Did you know it's not uncommon for people experiencing a panic attack for the first time to go to the emergency room thinking they are having a heart attack? We're definitely not alone in our experiences.

I've experienced similar issues like nausea, lack of appetite, upset stomach, dizziness, lightheaded-ness, racing heart, arrhythmia, chest pains, stiff neck, stiff everything, soreness, and numbness & tingling in my hands, feet, arms, and legs.

I don't know if it's comforting for you, but I personally feel some relief knowing that there's nothing wrong with my heart or nervous system--it's "just" anxiety. It's astonishing how and how much anxiety can affect your body!

It's also frustrating, because I often feel weak for "letting" my emotions wreak such havoc on my life. But I know it's not about "just" and "letting". There's no "just" about anxiety and it's not as simple as "letting" myself get worked up. If it were that easy, no one would have issues in the first place.

I've had trouble with anxiety off and on for most of my life. I've been better than today -- I've gone years without even thinking about anxiety. There are lots of things that can and will help, but it's different for everyone.

One common characteristic of anxiety is 'loops'. Thought loops and feedback loops. I feel bad. Because I have anxiety. Feeling bad makes me anxious, which makes me feel worse. Et cetera. It's easy to get caught in those loops. For me, it's important to identify and understand them so that I can stop feeding into them. Breaking loops and helping my body manage "the freak out chemicals" better are helpful. Taking a walk sometimes serves both purposes.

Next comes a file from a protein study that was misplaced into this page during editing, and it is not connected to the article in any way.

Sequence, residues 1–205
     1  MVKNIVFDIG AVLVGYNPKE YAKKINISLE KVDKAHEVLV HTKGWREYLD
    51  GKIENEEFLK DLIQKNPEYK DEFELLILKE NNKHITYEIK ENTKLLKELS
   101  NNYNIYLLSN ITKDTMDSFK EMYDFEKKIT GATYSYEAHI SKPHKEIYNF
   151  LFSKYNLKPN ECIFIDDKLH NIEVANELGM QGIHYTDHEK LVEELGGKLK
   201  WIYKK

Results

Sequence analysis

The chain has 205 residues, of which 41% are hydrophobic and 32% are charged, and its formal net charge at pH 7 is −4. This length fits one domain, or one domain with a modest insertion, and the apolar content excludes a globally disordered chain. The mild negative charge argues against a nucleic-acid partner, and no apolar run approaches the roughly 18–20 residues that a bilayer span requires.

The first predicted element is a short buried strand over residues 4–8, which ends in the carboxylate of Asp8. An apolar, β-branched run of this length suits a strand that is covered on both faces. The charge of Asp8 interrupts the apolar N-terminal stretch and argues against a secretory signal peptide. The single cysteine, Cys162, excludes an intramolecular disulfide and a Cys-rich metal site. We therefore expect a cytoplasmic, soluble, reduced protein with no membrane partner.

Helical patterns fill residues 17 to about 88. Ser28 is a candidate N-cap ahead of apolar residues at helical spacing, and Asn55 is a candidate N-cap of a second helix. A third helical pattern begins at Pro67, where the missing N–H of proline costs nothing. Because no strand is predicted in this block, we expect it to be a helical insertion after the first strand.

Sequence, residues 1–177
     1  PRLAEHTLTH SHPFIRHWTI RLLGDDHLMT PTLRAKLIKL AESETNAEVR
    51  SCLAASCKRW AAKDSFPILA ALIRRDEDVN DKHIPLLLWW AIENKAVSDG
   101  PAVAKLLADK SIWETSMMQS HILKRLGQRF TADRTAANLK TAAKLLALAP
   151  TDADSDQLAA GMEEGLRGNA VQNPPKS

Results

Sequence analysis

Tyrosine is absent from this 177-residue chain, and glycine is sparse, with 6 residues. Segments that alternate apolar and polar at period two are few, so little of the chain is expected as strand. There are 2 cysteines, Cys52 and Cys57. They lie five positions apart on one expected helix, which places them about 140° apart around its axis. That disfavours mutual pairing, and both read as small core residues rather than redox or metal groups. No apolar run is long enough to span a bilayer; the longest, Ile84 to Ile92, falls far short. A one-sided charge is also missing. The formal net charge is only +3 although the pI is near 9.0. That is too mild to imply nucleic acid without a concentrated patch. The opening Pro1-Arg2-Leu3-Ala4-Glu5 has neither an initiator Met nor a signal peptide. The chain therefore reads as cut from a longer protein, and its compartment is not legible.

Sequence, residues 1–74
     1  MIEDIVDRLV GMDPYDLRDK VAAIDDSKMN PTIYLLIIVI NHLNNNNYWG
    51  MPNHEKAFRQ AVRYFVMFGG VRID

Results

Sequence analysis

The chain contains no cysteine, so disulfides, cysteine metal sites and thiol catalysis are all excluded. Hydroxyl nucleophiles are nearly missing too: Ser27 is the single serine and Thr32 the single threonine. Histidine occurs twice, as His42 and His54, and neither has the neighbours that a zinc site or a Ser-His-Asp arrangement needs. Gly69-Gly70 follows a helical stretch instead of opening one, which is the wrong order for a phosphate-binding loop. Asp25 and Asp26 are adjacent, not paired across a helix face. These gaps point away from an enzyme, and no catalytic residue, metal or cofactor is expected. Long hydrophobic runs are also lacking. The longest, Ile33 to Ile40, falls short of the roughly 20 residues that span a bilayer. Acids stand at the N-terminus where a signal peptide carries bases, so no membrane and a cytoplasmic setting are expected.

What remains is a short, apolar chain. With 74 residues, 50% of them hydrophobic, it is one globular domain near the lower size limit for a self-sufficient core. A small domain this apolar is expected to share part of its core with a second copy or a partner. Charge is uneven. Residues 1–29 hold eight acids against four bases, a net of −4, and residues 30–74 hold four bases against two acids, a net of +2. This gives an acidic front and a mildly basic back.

Another common characteristic is avoidance. Consciously or not, I tend to avoid anything that makes me uncomfortable or requires a lot of effort. Having an anxiety disorder means I'm tired and feel bad a lot of the time, so I don't feel I have the energy. Unfortunately, many things that help manage anxiety are hard to do, really hard. Feeling bad makes them even harder to do. But if I were to do them, I'd feel better.

Anyway, you might find formal relaxation exercises are more helpful than trying to relax casually. A while back I used to practice meditation, which as a side effect, taught me a variety of breath control and relaxation techniques. At the time, I was doing it it was because I was into New-Agey stuff. It was only later, when I'd fallen out of the habit for a few years, that I realized that it had been a major factor in helping me manage my anxiety and I learned that CBT involves relaxation exercises.

I'd post some links to examples, but I don't have the required post count. Try googling for CBT relaxation exercises.

I have a tendency to isolate myself when I have anxiety trouble. It's something that I need to do, to some extent, but it's also unhealthy. It lowers my stimulation, which is good because I'm overstimulated and oversensitive to stimulation. But it also lowers my threshold for stimulation over time. Try not to let yourself get too isolated--it can end up depressing you.